ECE-3300 Planning and Assessment for Student Learning
Candidates begin their development as reflective practitioners through the study of the art and science of teaching. Topics include: examination of curriculum models, implementation and differentiation instructional strategies, lesson and unit design and delivery, the integration of technology, the role of local, state, and federal guidelines. Candidates become familiar with a variety of types of formative and summative assessments from classroom based, teacher-created tests, and state mandated and high stakes standardized tests. Candidates examine in depth types of assessments, characteristics of assessments, uses of assessments, in addition to having a clear understanding of measurement theory, assessment-related issues and interpreting and communicating results of assessments.
Candidates are provided multiple opportunities to explore methods that can be used to create learning environments that are healthy, respectful, supportive, and challenging. Emphasis is on building a collaborative approach to promote content area learning and student engagement. (Standard 5)
ECE-3500 Integrated Content Area Methods
This course is designed to help candidates develop skill in selecting, integrating and translating knowledge and methodology from multiple content areas into appropriate instruction and assessment. Candidates examine, design, and practice integration of content in relationship to academic standards and real life experiences. (Standard 3)
ECE-3800 Clinical I: Internship
Clinical I experience is an internship conducted in the same classroom where teacher candidates will complete their student teaching. During Clinical I, teacher candidates are expected to build rapport with students, develop a professional, mentor/mentee relationship with their cooperating teacher, and begin to assimilate into the culture of the school.
RLE-5151 Foundations for Reading Instruction
This course will focus on major theories and empirical research that describe the cognitive, linguistic, motivational, and sociocultural foundations of reading and writing development, processes, and components, including word recognition, language comprehension, strategic knowledge, and reading-writing connections in grades K-12.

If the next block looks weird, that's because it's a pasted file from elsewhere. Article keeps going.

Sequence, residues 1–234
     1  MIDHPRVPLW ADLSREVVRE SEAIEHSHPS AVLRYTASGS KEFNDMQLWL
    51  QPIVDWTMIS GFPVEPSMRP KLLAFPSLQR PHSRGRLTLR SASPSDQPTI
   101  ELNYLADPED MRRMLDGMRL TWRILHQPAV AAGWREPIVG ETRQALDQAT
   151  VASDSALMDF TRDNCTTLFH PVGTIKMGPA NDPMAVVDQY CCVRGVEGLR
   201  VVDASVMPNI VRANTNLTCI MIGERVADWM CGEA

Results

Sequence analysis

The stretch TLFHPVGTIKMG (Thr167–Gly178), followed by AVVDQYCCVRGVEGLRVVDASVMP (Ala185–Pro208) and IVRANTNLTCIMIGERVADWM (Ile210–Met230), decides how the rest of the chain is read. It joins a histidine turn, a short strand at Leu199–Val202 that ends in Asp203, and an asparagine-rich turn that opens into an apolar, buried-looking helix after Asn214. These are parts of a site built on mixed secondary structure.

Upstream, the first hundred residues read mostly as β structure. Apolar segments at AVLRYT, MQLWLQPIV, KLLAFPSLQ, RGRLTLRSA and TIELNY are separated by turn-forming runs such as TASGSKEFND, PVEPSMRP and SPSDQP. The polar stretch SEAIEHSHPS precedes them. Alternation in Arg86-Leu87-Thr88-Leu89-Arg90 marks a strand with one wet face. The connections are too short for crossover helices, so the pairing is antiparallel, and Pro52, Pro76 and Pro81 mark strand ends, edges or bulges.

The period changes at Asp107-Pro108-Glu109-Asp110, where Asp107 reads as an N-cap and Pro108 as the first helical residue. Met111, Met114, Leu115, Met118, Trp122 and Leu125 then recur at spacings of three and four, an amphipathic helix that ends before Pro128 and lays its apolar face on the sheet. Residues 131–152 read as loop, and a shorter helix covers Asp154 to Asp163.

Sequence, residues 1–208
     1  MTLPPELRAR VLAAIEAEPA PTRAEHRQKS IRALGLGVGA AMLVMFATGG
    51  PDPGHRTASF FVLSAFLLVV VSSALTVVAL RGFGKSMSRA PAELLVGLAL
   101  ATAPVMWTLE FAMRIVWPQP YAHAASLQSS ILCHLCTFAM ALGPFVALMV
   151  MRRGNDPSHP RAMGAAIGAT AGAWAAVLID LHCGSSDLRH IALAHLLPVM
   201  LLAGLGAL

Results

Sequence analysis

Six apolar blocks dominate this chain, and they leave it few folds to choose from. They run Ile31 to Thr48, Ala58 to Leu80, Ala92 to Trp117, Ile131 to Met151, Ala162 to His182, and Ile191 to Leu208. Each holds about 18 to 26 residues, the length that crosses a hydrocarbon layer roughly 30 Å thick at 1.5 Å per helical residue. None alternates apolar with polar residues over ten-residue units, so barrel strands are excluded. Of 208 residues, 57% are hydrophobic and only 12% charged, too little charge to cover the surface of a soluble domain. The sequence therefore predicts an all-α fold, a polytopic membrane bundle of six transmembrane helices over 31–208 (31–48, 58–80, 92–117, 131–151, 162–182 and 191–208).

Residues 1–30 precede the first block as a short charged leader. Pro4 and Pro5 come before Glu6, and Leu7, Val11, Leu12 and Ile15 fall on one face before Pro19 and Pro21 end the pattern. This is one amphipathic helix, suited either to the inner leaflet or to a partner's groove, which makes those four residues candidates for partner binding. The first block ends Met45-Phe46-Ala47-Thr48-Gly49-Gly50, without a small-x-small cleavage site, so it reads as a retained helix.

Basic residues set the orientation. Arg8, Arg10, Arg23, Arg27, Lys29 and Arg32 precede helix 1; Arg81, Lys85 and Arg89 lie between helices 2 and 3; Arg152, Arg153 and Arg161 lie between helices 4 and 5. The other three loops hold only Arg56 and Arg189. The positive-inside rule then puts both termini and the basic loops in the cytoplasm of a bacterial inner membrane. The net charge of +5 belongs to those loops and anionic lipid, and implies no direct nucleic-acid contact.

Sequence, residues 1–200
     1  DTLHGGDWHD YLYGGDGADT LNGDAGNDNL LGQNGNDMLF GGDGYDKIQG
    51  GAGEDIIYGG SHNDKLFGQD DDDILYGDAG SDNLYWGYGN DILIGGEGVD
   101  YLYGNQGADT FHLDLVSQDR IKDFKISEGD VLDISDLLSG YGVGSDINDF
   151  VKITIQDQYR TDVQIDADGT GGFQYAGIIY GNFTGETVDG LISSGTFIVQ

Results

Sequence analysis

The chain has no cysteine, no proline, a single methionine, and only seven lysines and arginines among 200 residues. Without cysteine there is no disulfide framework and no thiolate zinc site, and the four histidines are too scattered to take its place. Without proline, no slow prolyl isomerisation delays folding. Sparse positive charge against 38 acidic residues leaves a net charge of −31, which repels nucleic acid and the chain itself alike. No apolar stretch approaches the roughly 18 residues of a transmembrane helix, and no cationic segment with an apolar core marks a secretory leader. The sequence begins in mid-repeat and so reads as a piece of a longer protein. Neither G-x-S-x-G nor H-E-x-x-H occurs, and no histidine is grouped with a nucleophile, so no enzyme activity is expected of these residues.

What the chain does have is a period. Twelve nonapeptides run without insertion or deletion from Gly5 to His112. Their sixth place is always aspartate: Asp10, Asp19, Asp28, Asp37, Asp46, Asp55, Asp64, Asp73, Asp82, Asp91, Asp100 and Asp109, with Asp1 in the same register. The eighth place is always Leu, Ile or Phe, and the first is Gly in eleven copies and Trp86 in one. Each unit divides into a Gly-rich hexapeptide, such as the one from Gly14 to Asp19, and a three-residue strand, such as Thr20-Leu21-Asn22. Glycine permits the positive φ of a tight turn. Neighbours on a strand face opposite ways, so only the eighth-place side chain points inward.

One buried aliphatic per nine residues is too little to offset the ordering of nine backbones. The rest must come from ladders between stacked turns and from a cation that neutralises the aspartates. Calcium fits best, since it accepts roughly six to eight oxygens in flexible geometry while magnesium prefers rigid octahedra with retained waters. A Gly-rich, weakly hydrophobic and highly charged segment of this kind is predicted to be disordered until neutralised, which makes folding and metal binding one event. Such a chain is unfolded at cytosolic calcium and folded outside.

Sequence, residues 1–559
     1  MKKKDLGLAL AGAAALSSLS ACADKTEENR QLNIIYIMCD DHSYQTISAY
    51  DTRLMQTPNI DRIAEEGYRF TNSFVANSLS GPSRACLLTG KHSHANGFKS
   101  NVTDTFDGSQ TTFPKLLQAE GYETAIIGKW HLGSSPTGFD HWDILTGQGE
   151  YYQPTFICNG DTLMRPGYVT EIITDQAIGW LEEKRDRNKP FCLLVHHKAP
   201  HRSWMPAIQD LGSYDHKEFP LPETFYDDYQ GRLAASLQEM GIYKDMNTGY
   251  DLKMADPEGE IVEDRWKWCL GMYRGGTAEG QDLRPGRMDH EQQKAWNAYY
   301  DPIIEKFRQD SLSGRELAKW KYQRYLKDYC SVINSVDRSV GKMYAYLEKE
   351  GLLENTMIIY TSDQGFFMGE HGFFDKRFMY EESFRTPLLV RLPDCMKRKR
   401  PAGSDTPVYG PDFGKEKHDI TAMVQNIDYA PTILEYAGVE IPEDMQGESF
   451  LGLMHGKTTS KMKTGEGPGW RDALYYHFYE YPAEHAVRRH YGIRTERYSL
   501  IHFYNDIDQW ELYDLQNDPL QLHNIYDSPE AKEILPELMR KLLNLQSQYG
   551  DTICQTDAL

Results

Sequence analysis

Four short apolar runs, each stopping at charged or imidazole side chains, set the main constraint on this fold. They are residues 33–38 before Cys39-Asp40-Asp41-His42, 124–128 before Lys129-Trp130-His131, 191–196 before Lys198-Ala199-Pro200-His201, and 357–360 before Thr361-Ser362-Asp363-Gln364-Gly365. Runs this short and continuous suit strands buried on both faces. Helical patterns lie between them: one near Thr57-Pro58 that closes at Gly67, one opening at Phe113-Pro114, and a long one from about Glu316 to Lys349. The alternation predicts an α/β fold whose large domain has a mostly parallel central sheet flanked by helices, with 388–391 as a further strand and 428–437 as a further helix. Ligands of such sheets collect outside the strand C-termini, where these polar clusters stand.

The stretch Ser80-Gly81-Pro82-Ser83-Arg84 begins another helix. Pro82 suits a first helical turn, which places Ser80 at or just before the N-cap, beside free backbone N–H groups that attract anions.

The focus in this course is on the use of the essentials of phonics in the context of reading, spelling, and linguistics: Phonemic and morphemic systems of language as well as the grapho-phonemic, syntactic, and semantic cueing systems. This information will be understood as it relates to the age appropriate language processes of reading, writing, talking, and viewing/listening. Candidates will gain an historical perspective on the teaching of phonics through an overview of learning and reading theory. The role of language acquisition, language deficiencies/delays, culture, and dialect differences as they relate to phonics will be studied, as well as the role of phonics in spelling, word recognition, and decoding. Candidates will learn the terminology of language structures and develop an understanding of language elements and skills (listening, speaking, writing, and reading). Candidates will view phonics as one kind of aid in identifying words. Diverse methods for teaching sound/symbol relationships, word recognition, vocabulary, syntax, and comprehension will be taught to and practiced.
RLE-5351 Reading Assessment
The principles of assessment and instruction of struggling readers is introduced in this course, as well as formal and informal methods used to identify reading strengths and weaknesses of students. All components of the reading process will be assessed, including decoding, comprehension, word recognition, and fluency. The main emphasis is diagnosis of reading problems, administration of assessments, evaluation/analysis/interpretation of results, and planning instructional interventions to remediate reading difficulties.
RLE-5451 Content Literacy
This course is designed to provide candidates of all subject areas with the knowledge and skills to integrate the language processes, especially reading and writing, into their instruction. The goal of this course is to promote candidates’ understanding of the strategies that can be utilized to facilitate a learner’s content within a specific course using both narrative and expository text. Candidates will explore the influences on student’s content area reading development, and the effective assessment of content area reading for gauging student progress and informing instruction.
ECE-4000 Clinical II: Student Teaching
Student teaching is the culminating experience and an integral part of the teacher education program at Midwest. Student teaching occurs in public schools with collaborative learning environments focusing on young children, ages 3-8, and that provide practical learning experiences, actual teaching conditions, and professional guidance. The student teaching experience is challenging, intellectually demanding, and instrumental in preparing our candidates for the real world of teaching.